I have tried on a few occasions to clarify my position, but either I don't do a very good job, or others are reluctant to pick up the idea. As this thread demonstrates, discussion diverges into all kinds of other things. There may be a link between NDEs and infinity, but I wonder about its scientific pedigree. Perhaps, if I state my starting position as three simple points it might help.1. There can never have been nothing, otherwise there would still be nothing now.2. If there has always been something, that something must be infinite/eternal.3. If there has always been something, what is the relationship between that something and the Universe we observe?

1. There can never have been nothing, otherwise there would still be nothing now.2. If there has always been something, that something must be infinite/eternal.3. If there has always been something, what is the relationship between that something and the Universe we observe?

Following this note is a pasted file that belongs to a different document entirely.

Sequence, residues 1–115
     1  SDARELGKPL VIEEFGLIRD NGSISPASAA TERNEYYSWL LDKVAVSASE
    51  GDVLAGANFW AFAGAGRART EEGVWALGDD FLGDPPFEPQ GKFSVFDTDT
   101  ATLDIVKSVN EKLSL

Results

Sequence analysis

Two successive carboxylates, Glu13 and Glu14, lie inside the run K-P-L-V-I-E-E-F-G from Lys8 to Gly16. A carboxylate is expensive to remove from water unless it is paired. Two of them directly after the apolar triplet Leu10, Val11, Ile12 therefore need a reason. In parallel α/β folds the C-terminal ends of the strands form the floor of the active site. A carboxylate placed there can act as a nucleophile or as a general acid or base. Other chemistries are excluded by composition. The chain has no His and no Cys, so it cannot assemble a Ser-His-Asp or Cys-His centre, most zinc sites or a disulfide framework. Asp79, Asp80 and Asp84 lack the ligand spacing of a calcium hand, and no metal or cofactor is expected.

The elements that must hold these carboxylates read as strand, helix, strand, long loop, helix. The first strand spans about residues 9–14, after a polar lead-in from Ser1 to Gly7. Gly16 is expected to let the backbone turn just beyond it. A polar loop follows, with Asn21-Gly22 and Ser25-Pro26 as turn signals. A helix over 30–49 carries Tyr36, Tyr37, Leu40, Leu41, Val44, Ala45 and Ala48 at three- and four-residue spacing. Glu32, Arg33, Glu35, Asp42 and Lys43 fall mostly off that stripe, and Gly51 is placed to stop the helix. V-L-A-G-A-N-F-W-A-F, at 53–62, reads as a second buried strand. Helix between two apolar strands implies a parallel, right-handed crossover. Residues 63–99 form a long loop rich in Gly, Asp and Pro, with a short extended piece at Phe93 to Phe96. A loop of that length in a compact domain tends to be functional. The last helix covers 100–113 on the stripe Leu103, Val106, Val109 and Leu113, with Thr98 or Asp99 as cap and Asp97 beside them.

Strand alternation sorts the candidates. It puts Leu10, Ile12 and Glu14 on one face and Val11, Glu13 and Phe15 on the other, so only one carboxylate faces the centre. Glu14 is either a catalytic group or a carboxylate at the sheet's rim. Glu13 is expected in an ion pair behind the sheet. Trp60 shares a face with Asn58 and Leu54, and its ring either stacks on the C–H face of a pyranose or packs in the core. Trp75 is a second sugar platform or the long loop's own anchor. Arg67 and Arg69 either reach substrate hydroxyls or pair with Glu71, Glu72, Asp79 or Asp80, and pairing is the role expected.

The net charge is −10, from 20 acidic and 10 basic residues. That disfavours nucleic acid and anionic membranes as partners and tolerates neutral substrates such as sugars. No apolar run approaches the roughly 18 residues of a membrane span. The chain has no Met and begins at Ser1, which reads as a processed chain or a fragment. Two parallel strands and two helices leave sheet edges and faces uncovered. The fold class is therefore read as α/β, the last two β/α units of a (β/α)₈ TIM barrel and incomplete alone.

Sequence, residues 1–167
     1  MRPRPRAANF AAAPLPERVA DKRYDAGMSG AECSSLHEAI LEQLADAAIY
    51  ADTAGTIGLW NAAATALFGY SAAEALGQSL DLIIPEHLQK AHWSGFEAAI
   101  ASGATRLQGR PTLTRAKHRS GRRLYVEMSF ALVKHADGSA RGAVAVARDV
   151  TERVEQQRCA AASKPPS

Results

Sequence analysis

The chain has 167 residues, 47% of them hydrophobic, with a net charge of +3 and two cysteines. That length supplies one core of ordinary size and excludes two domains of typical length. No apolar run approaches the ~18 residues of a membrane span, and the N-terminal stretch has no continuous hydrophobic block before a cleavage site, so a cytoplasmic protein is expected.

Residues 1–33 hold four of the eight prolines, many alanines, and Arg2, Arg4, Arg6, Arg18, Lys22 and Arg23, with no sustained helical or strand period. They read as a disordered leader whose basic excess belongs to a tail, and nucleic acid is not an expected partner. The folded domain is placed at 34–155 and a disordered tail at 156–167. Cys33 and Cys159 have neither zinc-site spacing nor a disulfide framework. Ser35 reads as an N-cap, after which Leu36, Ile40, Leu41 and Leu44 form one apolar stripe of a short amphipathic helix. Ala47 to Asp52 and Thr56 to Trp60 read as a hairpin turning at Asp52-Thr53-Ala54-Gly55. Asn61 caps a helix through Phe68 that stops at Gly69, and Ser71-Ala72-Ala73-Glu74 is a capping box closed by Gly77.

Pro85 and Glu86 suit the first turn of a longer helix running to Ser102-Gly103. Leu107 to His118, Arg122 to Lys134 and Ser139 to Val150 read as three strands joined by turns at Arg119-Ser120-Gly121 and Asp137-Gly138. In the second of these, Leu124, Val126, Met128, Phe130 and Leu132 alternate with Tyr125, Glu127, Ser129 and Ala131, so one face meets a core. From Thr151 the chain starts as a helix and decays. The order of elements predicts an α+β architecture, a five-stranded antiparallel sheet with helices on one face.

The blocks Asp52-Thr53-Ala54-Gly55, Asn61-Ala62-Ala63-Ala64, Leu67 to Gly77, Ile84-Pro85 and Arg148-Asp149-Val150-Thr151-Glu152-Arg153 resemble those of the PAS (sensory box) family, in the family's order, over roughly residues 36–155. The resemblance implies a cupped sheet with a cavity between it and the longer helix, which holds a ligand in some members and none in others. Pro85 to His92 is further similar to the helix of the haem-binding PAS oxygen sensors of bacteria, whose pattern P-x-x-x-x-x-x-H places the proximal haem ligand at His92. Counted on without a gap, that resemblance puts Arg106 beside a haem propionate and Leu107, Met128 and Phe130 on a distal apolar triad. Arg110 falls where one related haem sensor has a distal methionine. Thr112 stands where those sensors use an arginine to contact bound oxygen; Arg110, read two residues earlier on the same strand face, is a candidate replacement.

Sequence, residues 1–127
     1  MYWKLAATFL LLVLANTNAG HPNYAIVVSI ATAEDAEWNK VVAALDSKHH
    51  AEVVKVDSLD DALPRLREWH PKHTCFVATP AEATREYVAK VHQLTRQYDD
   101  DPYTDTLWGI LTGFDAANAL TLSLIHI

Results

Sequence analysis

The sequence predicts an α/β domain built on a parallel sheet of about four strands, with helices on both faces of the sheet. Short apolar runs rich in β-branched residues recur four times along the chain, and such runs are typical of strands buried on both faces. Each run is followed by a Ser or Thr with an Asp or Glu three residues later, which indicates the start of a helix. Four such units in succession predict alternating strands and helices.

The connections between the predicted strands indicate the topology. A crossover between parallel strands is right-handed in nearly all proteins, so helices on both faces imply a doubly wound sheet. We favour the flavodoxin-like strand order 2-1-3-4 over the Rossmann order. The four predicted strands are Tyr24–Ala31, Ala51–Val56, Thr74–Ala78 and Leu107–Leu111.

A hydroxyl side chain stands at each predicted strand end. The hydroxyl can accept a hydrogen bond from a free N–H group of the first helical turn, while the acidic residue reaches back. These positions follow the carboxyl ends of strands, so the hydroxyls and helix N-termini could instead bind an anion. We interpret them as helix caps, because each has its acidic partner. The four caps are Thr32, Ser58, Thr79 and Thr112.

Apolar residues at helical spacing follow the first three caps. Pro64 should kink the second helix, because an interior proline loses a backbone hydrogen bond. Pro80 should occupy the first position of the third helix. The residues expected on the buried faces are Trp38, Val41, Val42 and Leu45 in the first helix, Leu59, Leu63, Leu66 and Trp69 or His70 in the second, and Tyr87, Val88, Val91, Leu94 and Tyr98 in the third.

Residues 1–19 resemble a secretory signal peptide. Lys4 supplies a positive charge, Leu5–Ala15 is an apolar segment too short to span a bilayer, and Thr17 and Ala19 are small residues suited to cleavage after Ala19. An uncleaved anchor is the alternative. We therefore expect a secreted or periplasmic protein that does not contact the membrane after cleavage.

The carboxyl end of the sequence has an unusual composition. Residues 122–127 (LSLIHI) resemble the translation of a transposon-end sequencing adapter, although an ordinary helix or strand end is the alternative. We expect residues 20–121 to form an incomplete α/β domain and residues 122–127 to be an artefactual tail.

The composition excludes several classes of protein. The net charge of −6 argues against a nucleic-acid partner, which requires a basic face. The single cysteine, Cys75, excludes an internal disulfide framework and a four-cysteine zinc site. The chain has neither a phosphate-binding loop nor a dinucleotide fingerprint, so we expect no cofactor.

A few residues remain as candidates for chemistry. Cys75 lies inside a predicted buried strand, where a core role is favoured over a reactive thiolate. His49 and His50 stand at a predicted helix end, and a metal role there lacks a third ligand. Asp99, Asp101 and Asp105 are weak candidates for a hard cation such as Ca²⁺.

Bill, I'll voice my objections again, but I feel like I'm a broken record at this point. Quote from: Bill S1. There can never have been nothing, otherwise there would still be nothing now.2. If there has always been something, that something must be infinite/eternal.3. If there has always been something, what is the relationship between that something and the Universe we observe?These are all making way too many assumptions about how the universe would be created. You seem to be enforcing the physics within this universe onto whatever existed that created the universe. For example, could the creation of the universe involve a creation of infinite amounts of space and time instantaneously? You could argue that would violate causality, but causality is something that exists within the universe in our space and time--it isn't defined and shouldn't be expected to hold for an event that occurred outside our space and time. You're coming into asking these big questions with a lot of preconceptions. You may be right and your view is certainly one way of looking at it, but it certainly isn't the only way of looking at it.